The Mask (Vanessa Michael Munroe)
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“Munroe is a sensational character and Stevens is a sensational writer.” —Lee Child, New York Times bestselling author of the Jack Reacher series
For fans of Lee Child, Terry Hayes, and Laura Lippman comes a blistering thriller in which Vanessa Michael Munroe faces the fight of her life
Vanessa Michael Munroe, chameleon and information hunter, has a reputation for getting things done: dangerous and not quite legal things that have taken her undercover into some of the world’s deadliest places. Still healing from a Somali hijacking gone wrong and a brutal attack that left her near death, Munroe joins her lover, Miles Bradford, in Japan where he’s working as a security consultant protecting high-value technology from industrial espionage. In the domesticity of their routine she finds long sought-after peace—until Bradford is arrested for murder, and the same interests who targeted him come after her, too.
Searching for answers and fighting to stay alive, Munroe will soon discover how far she’ll go to save Bradford from spending the next twenty years in locked-up isolation; how many laws she’ll break when the truth seems worse than his lies; and who to trust and who she must kill. Because she’s a strategist and hunter with a predator’s instincts, and the man she loves has just stabbed her in the back.
With break-neck pacing, incendiary prose, and an unforgettable cast of characters, The Mask features Vanessa Michael Munroe: a brilliant, lethal heroine who will stop at nothing to find the truth, no matter what it may cost.
“Stevens excels at depicting pulse-pounding danger, and her prose and plotting are spectacular. . . . Only Dan Brown and Lee Child come close.” —Dallas Morning News
“[Munroe is] a protagonist as deadly as she is irresistible.” —Vince Flynn
“If you are a fan of Jack Reacher, Lisbeth Salander, or Nina Zero, you need to check out Vanessa Michael Munroe!” —BookPage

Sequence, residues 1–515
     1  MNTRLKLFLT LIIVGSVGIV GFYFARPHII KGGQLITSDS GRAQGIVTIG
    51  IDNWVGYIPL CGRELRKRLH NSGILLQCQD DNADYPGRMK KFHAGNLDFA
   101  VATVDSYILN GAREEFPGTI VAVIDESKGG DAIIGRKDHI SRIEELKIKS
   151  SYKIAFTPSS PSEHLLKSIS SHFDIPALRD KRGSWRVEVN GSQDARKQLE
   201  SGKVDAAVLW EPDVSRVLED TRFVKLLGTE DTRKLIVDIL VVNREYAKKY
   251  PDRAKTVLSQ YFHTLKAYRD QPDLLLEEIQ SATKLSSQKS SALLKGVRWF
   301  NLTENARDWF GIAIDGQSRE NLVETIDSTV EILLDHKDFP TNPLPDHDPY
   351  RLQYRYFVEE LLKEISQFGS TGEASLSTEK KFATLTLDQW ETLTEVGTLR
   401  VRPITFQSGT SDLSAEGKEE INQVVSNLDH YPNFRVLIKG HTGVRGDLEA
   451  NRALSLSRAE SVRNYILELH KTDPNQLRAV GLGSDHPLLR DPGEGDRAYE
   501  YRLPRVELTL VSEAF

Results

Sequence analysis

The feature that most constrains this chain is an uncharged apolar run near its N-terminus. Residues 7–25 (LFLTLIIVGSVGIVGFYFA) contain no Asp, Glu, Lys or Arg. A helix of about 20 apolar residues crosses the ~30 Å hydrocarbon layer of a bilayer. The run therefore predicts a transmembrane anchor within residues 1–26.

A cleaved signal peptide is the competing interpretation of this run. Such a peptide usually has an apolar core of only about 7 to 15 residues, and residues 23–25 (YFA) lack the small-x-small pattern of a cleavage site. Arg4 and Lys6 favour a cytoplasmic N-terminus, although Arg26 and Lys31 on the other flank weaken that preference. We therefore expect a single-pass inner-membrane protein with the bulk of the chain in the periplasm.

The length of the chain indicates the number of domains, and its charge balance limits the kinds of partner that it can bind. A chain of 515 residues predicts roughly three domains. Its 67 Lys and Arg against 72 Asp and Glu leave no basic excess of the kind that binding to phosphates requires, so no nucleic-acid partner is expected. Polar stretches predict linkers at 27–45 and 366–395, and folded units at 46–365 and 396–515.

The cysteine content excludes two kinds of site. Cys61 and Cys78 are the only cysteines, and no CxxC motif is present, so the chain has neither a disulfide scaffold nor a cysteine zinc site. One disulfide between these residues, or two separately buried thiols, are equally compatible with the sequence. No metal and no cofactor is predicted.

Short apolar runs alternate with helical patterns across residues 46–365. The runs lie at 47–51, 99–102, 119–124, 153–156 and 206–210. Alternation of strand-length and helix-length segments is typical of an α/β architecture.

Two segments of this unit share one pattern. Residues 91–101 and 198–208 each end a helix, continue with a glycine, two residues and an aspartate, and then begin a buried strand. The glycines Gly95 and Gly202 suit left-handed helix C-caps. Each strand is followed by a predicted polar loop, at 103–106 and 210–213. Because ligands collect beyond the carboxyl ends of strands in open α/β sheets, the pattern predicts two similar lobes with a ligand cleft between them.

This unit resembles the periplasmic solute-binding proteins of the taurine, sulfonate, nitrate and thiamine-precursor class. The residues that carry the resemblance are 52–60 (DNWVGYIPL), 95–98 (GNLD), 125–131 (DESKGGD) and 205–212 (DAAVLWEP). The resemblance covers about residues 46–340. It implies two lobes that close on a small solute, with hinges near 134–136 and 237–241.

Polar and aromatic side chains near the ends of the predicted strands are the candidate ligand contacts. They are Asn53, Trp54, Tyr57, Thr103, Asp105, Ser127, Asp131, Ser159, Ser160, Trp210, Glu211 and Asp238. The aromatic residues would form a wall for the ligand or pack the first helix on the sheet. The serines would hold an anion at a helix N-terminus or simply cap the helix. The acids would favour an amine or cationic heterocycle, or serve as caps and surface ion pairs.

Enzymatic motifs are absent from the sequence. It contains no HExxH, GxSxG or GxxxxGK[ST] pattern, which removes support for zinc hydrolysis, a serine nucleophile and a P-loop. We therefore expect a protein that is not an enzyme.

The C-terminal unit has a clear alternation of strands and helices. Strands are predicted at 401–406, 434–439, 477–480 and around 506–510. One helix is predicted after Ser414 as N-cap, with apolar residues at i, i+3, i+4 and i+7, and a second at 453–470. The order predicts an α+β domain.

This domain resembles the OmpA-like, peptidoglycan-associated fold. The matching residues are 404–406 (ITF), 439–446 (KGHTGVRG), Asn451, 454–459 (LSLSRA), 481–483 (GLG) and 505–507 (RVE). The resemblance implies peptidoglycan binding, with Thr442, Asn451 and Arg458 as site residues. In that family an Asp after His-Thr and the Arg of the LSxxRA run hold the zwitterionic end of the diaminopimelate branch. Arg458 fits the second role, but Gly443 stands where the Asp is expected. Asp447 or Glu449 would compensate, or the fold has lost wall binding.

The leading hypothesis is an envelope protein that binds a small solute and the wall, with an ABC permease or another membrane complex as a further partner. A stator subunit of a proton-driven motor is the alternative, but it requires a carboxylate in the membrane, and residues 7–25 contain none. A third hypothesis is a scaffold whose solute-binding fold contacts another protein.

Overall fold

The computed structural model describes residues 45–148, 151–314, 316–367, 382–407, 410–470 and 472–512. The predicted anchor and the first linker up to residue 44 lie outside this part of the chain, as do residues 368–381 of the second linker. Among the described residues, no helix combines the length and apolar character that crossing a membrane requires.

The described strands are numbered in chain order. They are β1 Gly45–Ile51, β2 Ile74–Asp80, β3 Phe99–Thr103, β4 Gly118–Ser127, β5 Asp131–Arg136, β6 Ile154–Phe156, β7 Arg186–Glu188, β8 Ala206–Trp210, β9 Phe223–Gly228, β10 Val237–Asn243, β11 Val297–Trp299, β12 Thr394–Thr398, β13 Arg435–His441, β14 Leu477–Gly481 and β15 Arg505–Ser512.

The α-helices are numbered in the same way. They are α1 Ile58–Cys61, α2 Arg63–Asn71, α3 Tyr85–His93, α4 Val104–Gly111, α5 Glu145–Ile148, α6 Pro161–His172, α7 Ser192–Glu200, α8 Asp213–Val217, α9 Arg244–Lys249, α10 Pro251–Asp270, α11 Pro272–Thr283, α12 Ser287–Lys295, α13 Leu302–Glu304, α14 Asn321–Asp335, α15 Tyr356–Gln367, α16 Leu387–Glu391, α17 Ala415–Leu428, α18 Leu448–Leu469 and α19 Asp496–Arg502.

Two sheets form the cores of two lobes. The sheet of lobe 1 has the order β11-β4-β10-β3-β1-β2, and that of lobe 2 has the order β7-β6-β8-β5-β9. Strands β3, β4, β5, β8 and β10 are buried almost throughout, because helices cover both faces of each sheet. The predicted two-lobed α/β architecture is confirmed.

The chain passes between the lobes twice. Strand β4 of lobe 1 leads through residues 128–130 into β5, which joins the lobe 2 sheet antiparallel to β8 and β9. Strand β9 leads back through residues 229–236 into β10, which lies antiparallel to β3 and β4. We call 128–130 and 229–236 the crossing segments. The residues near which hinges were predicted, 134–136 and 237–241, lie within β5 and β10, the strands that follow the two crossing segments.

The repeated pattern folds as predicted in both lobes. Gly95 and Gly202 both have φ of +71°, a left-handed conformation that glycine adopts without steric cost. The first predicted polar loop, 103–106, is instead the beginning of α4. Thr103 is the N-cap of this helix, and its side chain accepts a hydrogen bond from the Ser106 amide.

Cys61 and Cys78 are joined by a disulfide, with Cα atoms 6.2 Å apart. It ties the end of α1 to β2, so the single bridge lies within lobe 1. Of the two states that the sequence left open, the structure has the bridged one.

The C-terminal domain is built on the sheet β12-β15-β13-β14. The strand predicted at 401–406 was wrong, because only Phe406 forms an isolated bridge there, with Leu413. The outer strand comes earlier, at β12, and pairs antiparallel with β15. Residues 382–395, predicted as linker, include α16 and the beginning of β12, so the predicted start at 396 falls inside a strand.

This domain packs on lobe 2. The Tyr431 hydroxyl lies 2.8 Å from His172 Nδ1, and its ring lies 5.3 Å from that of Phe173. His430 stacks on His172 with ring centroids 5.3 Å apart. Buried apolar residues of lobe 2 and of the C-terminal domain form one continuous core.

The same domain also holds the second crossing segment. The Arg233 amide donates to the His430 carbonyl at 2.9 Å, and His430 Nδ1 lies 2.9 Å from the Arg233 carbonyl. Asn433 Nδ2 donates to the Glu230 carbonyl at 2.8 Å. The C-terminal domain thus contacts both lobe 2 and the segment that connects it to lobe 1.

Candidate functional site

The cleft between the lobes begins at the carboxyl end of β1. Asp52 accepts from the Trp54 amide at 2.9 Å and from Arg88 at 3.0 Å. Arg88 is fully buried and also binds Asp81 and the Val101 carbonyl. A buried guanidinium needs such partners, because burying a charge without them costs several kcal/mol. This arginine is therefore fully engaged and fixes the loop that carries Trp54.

“A winning series character who has the world at her beck and call.” —Los Angeles Times
“Munroe’s brooding personality and her ability to blend into her surroundings bring to mind the provocative Jason Bourne.” —USA Today
From the Hardcover edition.
looked for me,” she said. Slow and sensual, she reached for his hand, brought it to her chest, and rubbed his fingers across a nipple. “You wanted to touch, and now I’ve come to you.” She stepped around and nudged her thigh between his legs, sidled up to his groin, and ran his hand down her belly, ever lower. “You want more?” she said. “You can have it all, just as you imagined.” He hardened against her thigh and his hands came alive on their own, groping with all the experience of a schoolboy.
Head propped up on the cushion, she plugged in the drive and, with the computer balanced on her stomach, began the slow quest of perusing folders: personnel files, financial records—documents that Bradford likely had legitimate access to but didn’t want anyone knowing he was scrutinizing, nothing personal or illegal. Three sets of folders, titled 1one, 2two, and 3three stood out from the rest. Each contained five to twenty subfolders beneath, and each of those bore a name, two of which Munroe
pulls him away and then I couldn’t stay longer, so I don’t know what happens after this, but I overheard the conversation with Jiro the next week that Dai was dead. All of this for a belt,” Alina said. She looked up at Munroe as if Munroe might possibly have the answers. “It makes no sense to me. Why not give it back? Why make so much effort for this small thing? Why did Jiro want it? Was it worth a lot of money?” “It’s not an expensive belt,” Munroe said, “but my friend wore it every day.
all those weeks ago. He stopped just outside her personal space and before he could speak Munroe extended a hand. “Michael Munroe,” she said, “subcontractor on the Capstone contract, here to pick up where my boss, Miles Bradford, left off. Just swinging by to say hello, let you know that I’m around.” Dillman gripped hard. “Makoto Dillman,” he said. “You look familiar. Have we met?” Munroe tugged her hand free. “Not that I know of,” she said, and fought the urge to wipe the sweat off on her
corner. — Late, late in the evening Nonomi Sato climbed the stairs at the edge of the wall, unlocked the front door, and stepped inside. She pulled the book from her purse, left the purse in the genkan, and headed directly up the stairs for the second floor and her bedroom and the laptop tucked in the drawer beneath her sweaters. She sat on the low platform bed and flipped the laptop open, waiting for the boot-up and the password control and then the thumb scan. She slipped the envelope from